Sunday, March 17, 2013

The War on Distemper Saved Lives

Nothing has killed more dogs than distemper, and the cure for this dreaded disease was found thanks to The Field magazine and a partnership between hounds, ferrets, fox, and scientists. And yes, there was even a financal contribution from the Kennel Clubs!

The first key date in the history is 1905 when the viral cause of distemper was first described by H. Carre in France.

In 1923, "The Field Distemper Fund" was set up by The Field magazine, the largest field sports publication in the U.K., after distemper swept through several hunt kennels devastating a large number of young dogs.

Of course, distemper was not just a hound man's nightmare -- it was also a dog show nightmare as dog shows were a major vector of distemper transmission, with dogs from all across a country coming together, often with puppies for sale in tow. A single infected dog, in such a circumstamce, could spread the disease to 50 breeds and 500 dogs, and often did. 

The Dog Fancier magazine, published in Battle Creek Michigan in 1923, detailed both the creation of the Distemper Fund by The Field and the fox hunting Duke of Beaufort, and the subsequent appeal for funds to the Biritsh and American Kennel Clubs.

The notice from the American Kennel Club appeared in the same edition.

In 1926, Laidlow and Dunkin published an account of the successful use of a distemper vaccine in ferrets. They announce that the response of ferrets to distemper infection was "comparable" to distemper infection in dogs.

In 1928, preparation of dog distemper vaccine was undertaken on a small commercial scale by Wellcome Burroughs. Dogs were inoculated, observed, killed, and then autopsied to ascertain how their immune system was responding.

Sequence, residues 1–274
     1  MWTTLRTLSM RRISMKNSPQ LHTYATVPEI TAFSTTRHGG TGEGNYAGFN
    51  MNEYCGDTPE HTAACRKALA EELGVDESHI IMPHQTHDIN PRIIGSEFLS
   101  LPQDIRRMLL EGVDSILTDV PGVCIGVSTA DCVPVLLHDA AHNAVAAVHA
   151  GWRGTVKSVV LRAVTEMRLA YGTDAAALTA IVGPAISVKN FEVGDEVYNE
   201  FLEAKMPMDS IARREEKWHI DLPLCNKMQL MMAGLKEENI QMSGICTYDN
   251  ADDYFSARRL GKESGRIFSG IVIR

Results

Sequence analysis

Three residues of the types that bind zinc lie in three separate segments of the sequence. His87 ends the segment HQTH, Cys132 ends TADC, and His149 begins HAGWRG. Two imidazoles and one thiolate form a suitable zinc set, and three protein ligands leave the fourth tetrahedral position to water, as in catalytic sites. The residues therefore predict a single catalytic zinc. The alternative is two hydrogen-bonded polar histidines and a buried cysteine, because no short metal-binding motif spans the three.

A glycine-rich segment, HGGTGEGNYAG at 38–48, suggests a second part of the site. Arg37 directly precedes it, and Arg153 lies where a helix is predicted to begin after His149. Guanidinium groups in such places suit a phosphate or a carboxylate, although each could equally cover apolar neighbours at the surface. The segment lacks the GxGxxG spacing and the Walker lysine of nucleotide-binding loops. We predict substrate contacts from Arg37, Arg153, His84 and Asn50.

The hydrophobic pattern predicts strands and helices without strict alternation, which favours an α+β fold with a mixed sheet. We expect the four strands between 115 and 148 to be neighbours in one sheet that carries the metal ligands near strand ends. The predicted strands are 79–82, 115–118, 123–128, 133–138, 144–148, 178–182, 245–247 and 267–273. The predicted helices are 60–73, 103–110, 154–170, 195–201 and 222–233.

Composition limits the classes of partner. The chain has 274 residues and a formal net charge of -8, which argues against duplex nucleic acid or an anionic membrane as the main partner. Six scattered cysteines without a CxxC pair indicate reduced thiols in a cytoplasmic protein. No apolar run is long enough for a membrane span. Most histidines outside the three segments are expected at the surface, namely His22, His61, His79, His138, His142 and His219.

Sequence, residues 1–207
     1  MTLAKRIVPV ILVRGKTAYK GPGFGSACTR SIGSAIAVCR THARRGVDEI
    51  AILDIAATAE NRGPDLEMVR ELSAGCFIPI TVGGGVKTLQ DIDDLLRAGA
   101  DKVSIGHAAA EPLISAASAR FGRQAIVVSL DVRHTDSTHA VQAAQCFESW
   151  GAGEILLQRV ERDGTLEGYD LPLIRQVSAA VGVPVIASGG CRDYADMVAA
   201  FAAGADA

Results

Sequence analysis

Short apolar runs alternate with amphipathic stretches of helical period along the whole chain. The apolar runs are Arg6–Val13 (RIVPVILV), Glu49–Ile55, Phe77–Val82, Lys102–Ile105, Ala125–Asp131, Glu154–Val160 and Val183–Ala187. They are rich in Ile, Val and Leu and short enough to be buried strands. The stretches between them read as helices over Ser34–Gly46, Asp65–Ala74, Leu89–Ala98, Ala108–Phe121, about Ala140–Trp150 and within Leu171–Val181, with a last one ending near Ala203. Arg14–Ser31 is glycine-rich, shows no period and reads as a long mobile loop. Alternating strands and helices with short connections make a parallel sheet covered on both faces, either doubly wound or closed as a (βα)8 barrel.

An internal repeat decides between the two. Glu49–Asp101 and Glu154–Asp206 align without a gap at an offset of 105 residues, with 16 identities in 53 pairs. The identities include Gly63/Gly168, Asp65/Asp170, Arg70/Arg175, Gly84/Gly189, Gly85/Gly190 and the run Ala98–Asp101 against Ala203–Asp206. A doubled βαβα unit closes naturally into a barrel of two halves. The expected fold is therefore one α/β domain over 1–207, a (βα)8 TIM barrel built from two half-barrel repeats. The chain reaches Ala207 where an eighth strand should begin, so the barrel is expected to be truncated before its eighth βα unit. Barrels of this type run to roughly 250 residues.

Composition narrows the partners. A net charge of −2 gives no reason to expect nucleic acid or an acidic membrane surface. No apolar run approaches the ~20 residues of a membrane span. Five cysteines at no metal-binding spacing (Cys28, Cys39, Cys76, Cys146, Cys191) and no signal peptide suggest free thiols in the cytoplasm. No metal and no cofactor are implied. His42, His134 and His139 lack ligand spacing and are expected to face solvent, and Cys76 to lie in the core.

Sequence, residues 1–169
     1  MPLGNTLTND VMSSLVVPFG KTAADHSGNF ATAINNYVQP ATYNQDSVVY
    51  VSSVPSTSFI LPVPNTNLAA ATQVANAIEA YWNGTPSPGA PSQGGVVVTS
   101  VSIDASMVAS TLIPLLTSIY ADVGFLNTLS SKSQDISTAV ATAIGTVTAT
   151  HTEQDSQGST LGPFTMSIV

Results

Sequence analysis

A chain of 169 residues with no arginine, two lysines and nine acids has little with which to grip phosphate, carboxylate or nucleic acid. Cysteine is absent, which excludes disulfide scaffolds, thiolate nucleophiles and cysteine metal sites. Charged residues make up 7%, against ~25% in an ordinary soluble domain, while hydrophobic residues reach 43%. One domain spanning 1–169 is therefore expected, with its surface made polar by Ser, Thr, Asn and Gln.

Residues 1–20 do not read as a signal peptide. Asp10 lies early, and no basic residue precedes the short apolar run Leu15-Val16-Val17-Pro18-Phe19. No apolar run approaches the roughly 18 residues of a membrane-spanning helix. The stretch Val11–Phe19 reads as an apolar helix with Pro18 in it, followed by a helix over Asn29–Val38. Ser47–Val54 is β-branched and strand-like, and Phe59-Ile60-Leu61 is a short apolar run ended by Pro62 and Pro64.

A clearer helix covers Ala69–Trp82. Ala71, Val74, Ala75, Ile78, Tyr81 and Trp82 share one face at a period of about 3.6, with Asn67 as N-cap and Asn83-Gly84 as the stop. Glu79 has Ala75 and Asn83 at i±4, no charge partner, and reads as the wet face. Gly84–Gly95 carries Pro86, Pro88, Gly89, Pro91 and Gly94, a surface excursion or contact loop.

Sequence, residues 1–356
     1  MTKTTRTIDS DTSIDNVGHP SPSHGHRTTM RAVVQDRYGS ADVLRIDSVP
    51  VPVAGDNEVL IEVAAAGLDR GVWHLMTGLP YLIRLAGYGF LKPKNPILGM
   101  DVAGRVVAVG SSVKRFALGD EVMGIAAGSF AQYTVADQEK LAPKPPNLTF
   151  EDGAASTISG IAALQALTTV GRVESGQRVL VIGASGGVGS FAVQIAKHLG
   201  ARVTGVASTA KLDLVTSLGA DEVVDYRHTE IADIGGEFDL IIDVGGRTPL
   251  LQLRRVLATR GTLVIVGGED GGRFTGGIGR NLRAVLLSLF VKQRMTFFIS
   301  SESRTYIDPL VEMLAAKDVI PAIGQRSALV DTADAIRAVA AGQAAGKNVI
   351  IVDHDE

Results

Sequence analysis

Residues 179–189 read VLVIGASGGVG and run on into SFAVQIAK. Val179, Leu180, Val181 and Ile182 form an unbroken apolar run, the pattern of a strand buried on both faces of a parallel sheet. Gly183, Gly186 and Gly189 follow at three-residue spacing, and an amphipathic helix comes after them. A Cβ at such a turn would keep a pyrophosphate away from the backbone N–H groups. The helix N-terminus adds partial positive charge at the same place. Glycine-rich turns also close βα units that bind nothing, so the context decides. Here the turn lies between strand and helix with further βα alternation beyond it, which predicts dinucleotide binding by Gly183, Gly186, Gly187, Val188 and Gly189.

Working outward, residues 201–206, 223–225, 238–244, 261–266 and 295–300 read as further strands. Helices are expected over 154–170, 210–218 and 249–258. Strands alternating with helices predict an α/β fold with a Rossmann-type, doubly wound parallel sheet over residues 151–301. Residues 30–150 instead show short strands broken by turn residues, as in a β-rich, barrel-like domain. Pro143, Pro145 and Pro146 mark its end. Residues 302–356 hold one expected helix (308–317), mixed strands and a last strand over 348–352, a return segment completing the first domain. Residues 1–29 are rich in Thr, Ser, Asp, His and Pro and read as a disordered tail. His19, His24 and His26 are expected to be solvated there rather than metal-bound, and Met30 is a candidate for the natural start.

During this period it came to light that the canine and ferret versions of distemper were not quite the same, and that a vaccine that worked for ferrets would not necessarily work on dogs, nor would a vaccine that worked on some dogs work on all dogs.

In 1935, R.C. Green conceived the idea that if distemper was repeatedly passed through ferrets it might become modified or altered to such a degree as to become avirulent to dogs and foxes (i.e. so weak or changed that could not infect dogs and fox with distemper).

Green and Carlson took the Laidlow and Dunkin strain of ferret distemper virus, and passed it from ferret populations to ferret populations. By the 39th passage, Green had evidence of attenuated virulency for foxes -- i.e. the strain was so weak that it would not kill fox, but it would provide the fox with immunity. After 50 passages through ferrets, a virus was obtained which caused only "a slight malaise" in dogs.

In 1939, Green claimed that his improved ferret-adapted strain of virus could be used to immunize healthy dogs and fur-farm foxes against distemper. Green's vaccine was not always effective however (perhaps due to quality control problems in the labs), and some folks argued that there were several strains of distemper.

World War II stopped all research into distemper, but after the War ended, improved culturing methods enabled even more attentuated strains of the distemper virus to be created, and by the early 1950s distemper vaccine was available on the market.

Today, canine distemper vaccine is cheap and easy to get. Most people can no longer remember that whole litters of dogs once perished from this mysterious and fatal disease.

Today, anyone in the world who has a dog owes a debt to British fox hunters and fox hounds.

If fox hunters and houndsmen had not initiated "The Field Distemper Fund," it would have been many more decades before a distemper vaccine was every created.

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